We have great satisfaction in the work done by our country in behalf of civilization in the Philippine islands. Utopia has not sprung up there, but we believe the leaders of the republican party, accurately reflecting the dominant sentiment of the United States, has done well, according to their lights. Bryanism is dead. The gold standard is forever triumphant, but it triumphed only when the sentiment of the country's money problem was entrusted into the hands of our party whose history is the history of the progress of our institutions. The nation will go on. So will the republican party. If both shall embrace the conservative element of abiding justice.

"We declare our unalterable allegiance to the principles of the party as handed down by Chandler, immortalized by Lincoln, and dyed in the slaughter of '61. Upon these principles we have forever stood and will forever stand. We believe in a majority rule, and insist that the victors shall enjoy the fruits of their labor. We deprecate the policy of our present administration of ignoring battle-scarred and principle-loving republicans, who have borne the burden in the summer and in the winter, through sunshine and through shadow. Likewise we deprecate the policy of the administration in appointing in their places, or arraying above them members of the democratic party who are irreconsilably opposed to every principle, tenet and doctrine held dear to the heart of every loyal republican. We deplore that policy of the present administration which removed from positions of honor and trust life-long, capable, honest and honorable republicans, and which appoints in their stead members of the democratic party, as in the case of that matchless leader of men, the lamented James Hill; in the case of Laverett, of Montgomery; Leverett, of Yazoo; Courtwright, of Sharkey, and especially Matthews, of Hazlehurst, whose family has suffered more indignity, endured more insults, and borne more scars for the cause of republicanism in this state than any other family within our borders. It is not necessary to record how grievous was the importation of a democrat from Washington to supplant a member of our party in the United States land office at Jackson. Other such despicable acts are too numerous to mention. Insult was added to injury by the appointment of a democrat as referee and superintendent of all life-long republicans in this state. This referee is doubly odious in that he has no standing in the councils of his own party.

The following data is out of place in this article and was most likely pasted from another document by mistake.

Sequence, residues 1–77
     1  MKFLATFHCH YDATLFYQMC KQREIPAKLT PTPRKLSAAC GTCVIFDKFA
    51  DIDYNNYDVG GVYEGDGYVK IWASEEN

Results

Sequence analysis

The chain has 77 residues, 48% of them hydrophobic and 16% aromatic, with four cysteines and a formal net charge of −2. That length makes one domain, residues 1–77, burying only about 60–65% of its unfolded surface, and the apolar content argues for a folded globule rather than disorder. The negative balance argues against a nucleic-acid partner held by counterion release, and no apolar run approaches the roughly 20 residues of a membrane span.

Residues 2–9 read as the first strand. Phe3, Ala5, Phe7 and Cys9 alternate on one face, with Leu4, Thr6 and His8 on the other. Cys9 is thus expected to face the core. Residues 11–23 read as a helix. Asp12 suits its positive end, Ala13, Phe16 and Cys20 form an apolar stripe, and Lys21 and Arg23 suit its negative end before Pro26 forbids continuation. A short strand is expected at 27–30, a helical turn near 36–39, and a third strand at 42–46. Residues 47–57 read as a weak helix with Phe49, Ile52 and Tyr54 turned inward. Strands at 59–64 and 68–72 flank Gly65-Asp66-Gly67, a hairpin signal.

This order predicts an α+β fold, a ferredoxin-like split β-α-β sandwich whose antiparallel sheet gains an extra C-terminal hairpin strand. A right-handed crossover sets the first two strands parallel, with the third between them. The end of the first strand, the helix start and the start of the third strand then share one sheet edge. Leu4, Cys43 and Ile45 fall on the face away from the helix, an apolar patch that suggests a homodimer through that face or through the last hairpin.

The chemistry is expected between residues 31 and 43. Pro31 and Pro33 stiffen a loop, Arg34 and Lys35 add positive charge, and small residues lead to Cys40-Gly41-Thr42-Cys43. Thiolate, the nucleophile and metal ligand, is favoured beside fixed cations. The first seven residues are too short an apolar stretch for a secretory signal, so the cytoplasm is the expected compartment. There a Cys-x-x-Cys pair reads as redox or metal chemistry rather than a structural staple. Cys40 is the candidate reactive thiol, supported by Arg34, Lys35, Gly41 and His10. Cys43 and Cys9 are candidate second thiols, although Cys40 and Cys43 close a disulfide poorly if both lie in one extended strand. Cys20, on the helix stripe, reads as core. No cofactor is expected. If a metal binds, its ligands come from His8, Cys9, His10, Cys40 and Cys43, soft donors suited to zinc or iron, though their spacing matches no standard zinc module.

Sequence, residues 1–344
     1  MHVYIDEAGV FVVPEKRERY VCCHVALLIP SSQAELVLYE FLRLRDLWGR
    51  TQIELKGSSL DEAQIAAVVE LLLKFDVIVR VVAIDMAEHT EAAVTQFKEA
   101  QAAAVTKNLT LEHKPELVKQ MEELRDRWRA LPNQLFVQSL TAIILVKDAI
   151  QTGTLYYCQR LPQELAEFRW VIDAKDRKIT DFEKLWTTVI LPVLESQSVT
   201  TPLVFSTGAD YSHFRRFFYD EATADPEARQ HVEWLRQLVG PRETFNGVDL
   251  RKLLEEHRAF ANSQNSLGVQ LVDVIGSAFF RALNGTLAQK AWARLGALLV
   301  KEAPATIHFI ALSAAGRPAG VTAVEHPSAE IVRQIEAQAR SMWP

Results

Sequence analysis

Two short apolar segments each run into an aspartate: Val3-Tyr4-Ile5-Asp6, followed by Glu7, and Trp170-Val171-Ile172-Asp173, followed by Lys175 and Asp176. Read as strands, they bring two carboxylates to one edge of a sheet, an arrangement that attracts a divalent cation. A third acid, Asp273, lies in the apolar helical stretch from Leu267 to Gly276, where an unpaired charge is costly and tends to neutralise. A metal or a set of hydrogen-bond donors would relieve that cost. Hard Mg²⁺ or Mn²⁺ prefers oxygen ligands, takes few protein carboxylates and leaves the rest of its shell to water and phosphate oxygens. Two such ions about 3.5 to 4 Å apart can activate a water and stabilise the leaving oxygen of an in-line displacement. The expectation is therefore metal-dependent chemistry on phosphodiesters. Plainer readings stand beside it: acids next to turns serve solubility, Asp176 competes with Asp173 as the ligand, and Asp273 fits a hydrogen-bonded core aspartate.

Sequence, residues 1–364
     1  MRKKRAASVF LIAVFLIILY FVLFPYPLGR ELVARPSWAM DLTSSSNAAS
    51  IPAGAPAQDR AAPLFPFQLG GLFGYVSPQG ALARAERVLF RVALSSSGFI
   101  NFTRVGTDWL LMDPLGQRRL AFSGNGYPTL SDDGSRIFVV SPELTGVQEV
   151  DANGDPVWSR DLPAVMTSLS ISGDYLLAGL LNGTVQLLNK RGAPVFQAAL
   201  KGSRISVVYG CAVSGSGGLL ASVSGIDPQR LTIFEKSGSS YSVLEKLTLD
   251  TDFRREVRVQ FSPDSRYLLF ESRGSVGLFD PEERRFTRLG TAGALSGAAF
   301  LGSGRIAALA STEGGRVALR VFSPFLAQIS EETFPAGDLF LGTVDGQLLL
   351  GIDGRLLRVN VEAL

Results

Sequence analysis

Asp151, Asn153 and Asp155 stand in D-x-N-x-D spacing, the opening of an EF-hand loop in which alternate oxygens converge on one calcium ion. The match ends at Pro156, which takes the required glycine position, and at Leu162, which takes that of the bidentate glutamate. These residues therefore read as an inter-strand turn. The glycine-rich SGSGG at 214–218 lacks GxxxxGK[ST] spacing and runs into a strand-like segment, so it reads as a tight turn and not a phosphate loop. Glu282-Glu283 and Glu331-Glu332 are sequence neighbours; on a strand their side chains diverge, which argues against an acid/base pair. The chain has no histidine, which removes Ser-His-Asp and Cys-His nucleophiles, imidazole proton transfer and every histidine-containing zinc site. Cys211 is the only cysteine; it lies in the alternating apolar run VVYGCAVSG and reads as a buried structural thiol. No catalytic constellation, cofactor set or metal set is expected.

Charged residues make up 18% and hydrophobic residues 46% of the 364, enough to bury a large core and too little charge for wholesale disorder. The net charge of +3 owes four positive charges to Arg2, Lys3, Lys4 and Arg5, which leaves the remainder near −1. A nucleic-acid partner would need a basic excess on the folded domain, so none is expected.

The president complains that the smallest republican vote cast in this state was cast for him for the presidency at the last election. This is so, but there is a reason. The president was advised by those who sought his hand that a new party would arise in its place if he would discourage active participation in party affairs by the party's most loyal element. He was impressed with the eloquence of his suitors. He appointed a democratic referee as an evidence of good faith. At the succeeding election not only did not the promised new party fail to appear, but the administration's attitude toward the party and its leaders naturally and effectively demoralized and disheartened the rank and file hence the small party vote. We call the attention of the administration to these facts, and demand a return of the republican party to republicans.